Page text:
McPhillips, Albert Edward, lawyer, militia officer, politician, and judge; b. 21 March 1861 in Richmond Hill, Upper Canada, son of George McPhillips and Margaret Lavin; m. 3 Sept. 1896 Emily Sophie Davie, daughter of Alexander Edmund Batson Davie*, in Victoria, and they had two sons and one daughter; d. there 24 Jan. 1938.
Albert Edward McPhillips was the son of an Irish Roman Catholic civil engineer who had immigrated to Upper Canada in 1840. The family moved to Manitoba in 1873 when George received a position as a land surveyor. Educated at Winnipeg’s Collège de Saint-Boniface and Manitoba College, McPhillips decided to pursue a career in law, and in 1882 he was called to the province’s bar. During the 1880s he practised in the city with his brother Lewis Griffith and various other partners (including Edmund Marter Wood), as well as in several firms. In 1890 he acted as solicitor and manager of the Crédit Foncier Franco-Canadien.
During this period McPhillips was committed to militia service. He earned a second-class certificate from Toronto’s School of Military Instruction, and during the North-West rebellion of 1885 [see Louis Riel*] he took some time away from his law practice to serve with the 90th Winnipeg Rifles under General Frederick Dobson Middleton*. For his participation in the battles of Fish Creek (Sask.) and Batoche, he received a medal with a clasp. He would retire from militia service in 1890 with the rank of captain.
About 1891 McPhillips moved to Victoria and he was called to the bar of British Columbia the next year. Shortly thereafter he became one of the founders of McPhillips, Wootton and Barnard, which specialized in corporate law; clients included the Imperial Bank of Canada and the British Columbia Electric Railway Company.
Showing a keen interest in politics, McPhillips published a pamphlet in 1896, addressed to the electors of Victoria, on the Manitoba school question [see Thomas Greenway*]. The document was a reaction to a political speech given by Ernest Vining Bodwell, who would be an unsuccessful Liberal candidate for Victoria City in the federal by-election that year. McPhillips denounced comments made by Bodwell on 26 Dec. 1895, as well as those of Manitoba mla Joseph Martin*, in favour of abolishing the denominational school system in that province. He defended the rights of his fellow Catholics there to have a separate educational system, strictly from a legal standpoint, while assuring his readers that British Columbia could not be dragged into a judicial battle on the issue because it did not have the same legal dispositions.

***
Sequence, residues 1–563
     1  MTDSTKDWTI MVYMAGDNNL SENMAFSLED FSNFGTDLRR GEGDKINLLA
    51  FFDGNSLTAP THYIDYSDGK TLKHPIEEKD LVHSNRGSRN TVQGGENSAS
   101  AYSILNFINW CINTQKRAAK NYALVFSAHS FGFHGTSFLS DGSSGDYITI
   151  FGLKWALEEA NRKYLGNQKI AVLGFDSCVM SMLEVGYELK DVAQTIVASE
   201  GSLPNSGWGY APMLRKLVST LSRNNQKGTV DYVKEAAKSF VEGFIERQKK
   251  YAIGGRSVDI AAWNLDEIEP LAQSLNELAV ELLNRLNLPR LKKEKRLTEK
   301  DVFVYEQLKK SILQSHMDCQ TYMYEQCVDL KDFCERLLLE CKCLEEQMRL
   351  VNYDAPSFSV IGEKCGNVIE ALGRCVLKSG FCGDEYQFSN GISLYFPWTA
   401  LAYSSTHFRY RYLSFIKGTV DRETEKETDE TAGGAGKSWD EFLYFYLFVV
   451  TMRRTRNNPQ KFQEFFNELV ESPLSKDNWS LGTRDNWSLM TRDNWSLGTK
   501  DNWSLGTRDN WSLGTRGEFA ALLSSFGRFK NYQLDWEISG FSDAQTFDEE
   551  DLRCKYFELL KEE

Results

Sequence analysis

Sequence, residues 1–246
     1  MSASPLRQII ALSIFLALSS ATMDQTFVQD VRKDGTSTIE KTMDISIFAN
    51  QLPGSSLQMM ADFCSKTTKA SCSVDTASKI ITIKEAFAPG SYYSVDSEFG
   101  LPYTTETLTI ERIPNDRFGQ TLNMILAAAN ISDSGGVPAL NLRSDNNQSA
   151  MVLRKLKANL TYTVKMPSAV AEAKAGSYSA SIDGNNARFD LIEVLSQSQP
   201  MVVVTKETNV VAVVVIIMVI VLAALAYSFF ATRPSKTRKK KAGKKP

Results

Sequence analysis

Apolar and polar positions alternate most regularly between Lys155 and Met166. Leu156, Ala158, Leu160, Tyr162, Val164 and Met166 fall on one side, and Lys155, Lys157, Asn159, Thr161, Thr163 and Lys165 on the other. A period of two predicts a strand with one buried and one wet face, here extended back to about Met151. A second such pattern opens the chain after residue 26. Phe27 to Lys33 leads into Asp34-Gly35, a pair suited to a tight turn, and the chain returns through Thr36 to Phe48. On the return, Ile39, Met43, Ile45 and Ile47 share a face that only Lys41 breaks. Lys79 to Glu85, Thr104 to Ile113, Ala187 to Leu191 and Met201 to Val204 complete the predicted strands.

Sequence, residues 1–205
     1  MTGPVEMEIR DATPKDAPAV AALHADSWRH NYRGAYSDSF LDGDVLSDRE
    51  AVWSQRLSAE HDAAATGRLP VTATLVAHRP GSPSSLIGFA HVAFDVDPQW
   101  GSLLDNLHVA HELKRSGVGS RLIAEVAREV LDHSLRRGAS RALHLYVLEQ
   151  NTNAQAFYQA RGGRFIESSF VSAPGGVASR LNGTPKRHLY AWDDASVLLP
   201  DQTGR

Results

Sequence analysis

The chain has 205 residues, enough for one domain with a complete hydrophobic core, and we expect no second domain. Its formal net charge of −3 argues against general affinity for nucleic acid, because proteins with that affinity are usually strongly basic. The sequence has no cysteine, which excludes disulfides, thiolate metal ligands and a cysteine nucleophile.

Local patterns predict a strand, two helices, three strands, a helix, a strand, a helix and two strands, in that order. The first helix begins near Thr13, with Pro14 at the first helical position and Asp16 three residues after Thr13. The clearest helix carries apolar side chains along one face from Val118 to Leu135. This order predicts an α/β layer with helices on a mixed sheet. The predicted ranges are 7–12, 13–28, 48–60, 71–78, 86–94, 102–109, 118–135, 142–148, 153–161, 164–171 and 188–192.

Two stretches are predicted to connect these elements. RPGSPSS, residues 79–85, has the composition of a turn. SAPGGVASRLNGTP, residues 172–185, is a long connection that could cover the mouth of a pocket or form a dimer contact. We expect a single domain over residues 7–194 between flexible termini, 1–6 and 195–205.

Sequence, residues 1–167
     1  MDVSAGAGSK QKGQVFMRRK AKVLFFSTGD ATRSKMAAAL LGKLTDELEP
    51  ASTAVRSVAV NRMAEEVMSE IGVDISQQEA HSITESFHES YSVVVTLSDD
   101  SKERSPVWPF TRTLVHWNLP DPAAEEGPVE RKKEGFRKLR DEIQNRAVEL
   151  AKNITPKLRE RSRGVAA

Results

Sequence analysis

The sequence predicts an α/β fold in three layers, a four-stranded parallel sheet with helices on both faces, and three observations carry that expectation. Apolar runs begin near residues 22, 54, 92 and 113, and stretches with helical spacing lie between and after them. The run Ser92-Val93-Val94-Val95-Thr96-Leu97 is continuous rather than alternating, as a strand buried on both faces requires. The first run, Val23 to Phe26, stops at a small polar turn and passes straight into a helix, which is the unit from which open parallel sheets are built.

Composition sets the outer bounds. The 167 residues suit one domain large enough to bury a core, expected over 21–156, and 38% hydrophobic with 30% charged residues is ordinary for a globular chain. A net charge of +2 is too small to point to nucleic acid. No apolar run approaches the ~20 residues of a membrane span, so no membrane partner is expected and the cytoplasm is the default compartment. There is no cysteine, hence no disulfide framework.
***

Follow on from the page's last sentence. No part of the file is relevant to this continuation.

McPhillips ran for Victoria City in the provincial general election of 9 July 1898 and won a seat. He labelled himself a Conservative even though party lines had not yet been established in the province. During his time as an mpp, he continued to practise law with his firm. He served as president of the Victoria Bar Association in 1898 and 1899, and was appointed a qc in 1900. That year he was re-elected. In 1901 he introduced the Deserted Wives’ Maintenance Act to compel deserting husbands to compensate their spouses, and the Children’s Protection Act, which allowed police and workers of Children’s Aid societies to apprehend vagrant and delinquent children. He sponsored the Support for Illegitimate Children Act two years later. On 4 June 1903 he was named attorney general for Richard McBride*’s new Conservative government, the province’s first officially partisan administration. His leader’s attitude must have pleased McPhillips, who believed in strict party loyalty.
After losing his seat in the legislature in the October general election, McPhillips formed another firm, McPhillips and Heisterman; his brother Lewis, who had moved to Victoria, was a partner. In 1906 Albert posted articles and letters from the Daily Colonist and the Victoria Daily Times to the federal minister of justice, Allen Bristol Aylesworth*. Worried that Canada would give away sealing rights in an agreement with Britain, Japan, and the United States, he claimed that he was not protesting on behalf of clients or business interests, but as a concerned Canadian and a fervent nationalist.
Re-elected in 1907, McPhillips represented the Islands riding in McBride’s Conservative government. He retained his seat in the general elections of 1909 and 1912. Appointed to the province’s royal commission on taxation in 1911, from 1910 he also served as president of the Executive Council for three years.